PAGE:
Procedure: speech before parliament
The speech given by [William Maitland], master of Lethington at the beginning of parliament2

If at any time heretofore parliaments have been thought necessary or profitable, I think whosoever shall narrowly look at the present state of this realm will immediately judge that it is not without purpose that we are assembled here at this time, and that for diverse reservations, whereof every one is of sufficient consequence to impart to this general convention, to wit, the establishing of a uniform religion, the acknowledging of the just authority in the person of the king, our sovereign lord, upon the demission of the crown in his favour by [Mary], the queen, his mother, and during his minority in the person of [James Stewart, earl of Moray], my lord regent; also, by his appointment, the reviewing of the minds of the nobility in so far as any diversity of judgements has appeared in their actions in the time of the late controversies, the taking order for the cruel murders perpetrated in the person of [Henry Stewart, lord Darnley], the king, our sovereign's father of good memory, besides many other disorders standing in public state, very worthy to be redressed by the grave judgements of you, my lords, and others here assembled, which I pass over with silence, as unwilling to weary you with any unnecessary rehearsal of those points which more properly will be discussed before the lords of the articles. These I have but thought as the principal, summarising them without any further overture, leaving more ample discussion of every head to the judgement thereof in his just time and place. Two points I may not omit, both tending to your great comfort, if with thankful hearts you will embrace God's benefits so liberally offered to you. The first is your duty to examine what great success in a short time has followed upon a small beginning concerning matters of religion, and with that, to consider God's providence towards you, whose care of your preservation in this behalf has not only been exte[nded] towards the safety of your consciences, although that is the principal and to be taken for the chief benefit, but also to the security of your lives and lands, wherein as he has wrought miraculously and far beyond your expectation, so has he excelled in the ordinary and common course of the advancement of his glory by the hands of the nations around about you. The quietness you presently enjoy declares sufficiently the victory that God, by his word, has obtained amongst you within the space of less than nine years, howsoever the foundation was in the days of men, how unlikely it was to rise so suddenly to so large and huge a greatness. With what slander the work has proceeded, not one of you is ignorant. Iron has not been heard within the house of the Lord, that is to say, the whole is built, set up and erected to this greatness without bloodshed. Note it, I pray you, as a singular testimony of God's favour and a peculiar benefit granted only to the realm of Scotland, not as the most worthy but chosen out by his providence from amongst all nations for causes hidden and unknown to us, to show his almighty power that the true religion has obtained a free course universally though the whole realm; and yet not a Scotsman's blood was shed in the advancement of the whole quarrel. With what nation on the earth has God dealt so mercifully? Consider the progress of religion from time to time in other countries: Germany, Denmark, England, France, Flanders, or wherever you please. You shall find the lives of many thousands spent before they could purchase the tenth part of that liberty to which we have attained, as it were, sleeping on down-cushions, as God's mercies in this behalf have been more plenteously poured out upon you than others when you desired nothing less. So if you be found negligent to put the talent to profit, whereof he has put you in trust, especially when you have the time and so far an occasion offered, it is to be feared that by the dreadful plagues that shall come upon you, he shall teach others not to abuse the time of his merciful visitation, and how fearful it is to fall in the hands of the living God. This I say not that I have despair of your zeal to go forward in the work that has begun, but to admonish you of your duty, putting you in remembrance that this is the time when you may declare yourselves thankful for the benefits you have received, and, by establishing of one uniform order in the makers of religion, it may appear to the whole world that you prefer the advancing of God's glory before all worldly respects. Next, to encourage you (which is the second head I had to touch) by reason of the fit instrument you have to advance the godly ordinances, you shall agree upon as well in the makers of religion as in touching the commonwealth. I mean my lord regent, in whose person the execution of the king's authority is committed for this time, whose behaviour, being so well known to you all by the experience you have had of his proceedings from the beginning, even to this hour, will make me speak of him all the more moderately, especially in his own presence. This only will I touch and dare promise it in his name, that he will never take upon him to empire over the law, but on the contrary, submitting his own person to the law, will profess himself only to be your minister and executor of the good ordinances you shall agree upon, without any private respect to his own commodity, danger or any other thing that may touch himself in particular.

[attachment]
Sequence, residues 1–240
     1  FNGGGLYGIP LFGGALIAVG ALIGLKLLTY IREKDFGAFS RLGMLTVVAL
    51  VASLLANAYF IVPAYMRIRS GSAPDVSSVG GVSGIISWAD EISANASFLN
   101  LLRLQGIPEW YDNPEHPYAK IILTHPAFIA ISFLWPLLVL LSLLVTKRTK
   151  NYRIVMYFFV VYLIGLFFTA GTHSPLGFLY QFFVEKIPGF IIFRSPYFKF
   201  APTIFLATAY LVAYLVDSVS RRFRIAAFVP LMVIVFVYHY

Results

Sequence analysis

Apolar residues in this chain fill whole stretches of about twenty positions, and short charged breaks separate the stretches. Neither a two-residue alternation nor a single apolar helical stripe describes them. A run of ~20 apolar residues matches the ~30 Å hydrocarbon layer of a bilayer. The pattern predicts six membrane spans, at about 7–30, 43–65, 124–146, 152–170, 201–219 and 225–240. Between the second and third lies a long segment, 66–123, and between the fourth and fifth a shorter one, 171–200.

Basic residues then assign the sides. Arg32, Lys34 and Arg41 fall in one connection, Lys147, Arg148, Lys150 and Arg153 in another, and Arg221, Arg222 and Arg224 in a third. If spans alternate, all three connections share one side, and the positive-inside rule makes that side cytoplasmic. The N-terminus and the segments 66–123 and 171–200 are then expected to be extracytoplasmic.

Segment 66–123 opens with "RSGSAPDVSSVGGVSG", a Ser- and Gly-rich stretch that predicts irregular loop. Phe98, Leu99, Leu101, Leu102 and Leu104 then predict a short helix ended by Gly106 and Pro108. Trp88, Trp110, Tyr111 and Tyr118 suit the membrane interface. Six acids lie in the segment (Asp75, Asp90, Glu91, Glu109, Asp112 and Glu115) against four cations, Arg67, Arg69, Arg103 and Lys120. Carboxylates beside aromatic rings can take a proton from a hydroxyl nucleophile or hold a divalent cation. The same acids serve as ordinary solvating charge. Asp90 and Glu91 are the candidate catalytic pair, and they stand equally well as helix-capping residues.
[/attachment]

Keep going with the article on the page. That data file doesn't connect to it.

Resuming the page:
1. PRO, SP52/14, ff.228-229.
  2. On reverse of manuscript is the description 'An Oration of the L. Ledington at the parliament in Scotland in December 1567'. According to the heading, this was given at the beginning of parliament, but since no specific date is given, it has been placed at the end of the additional material.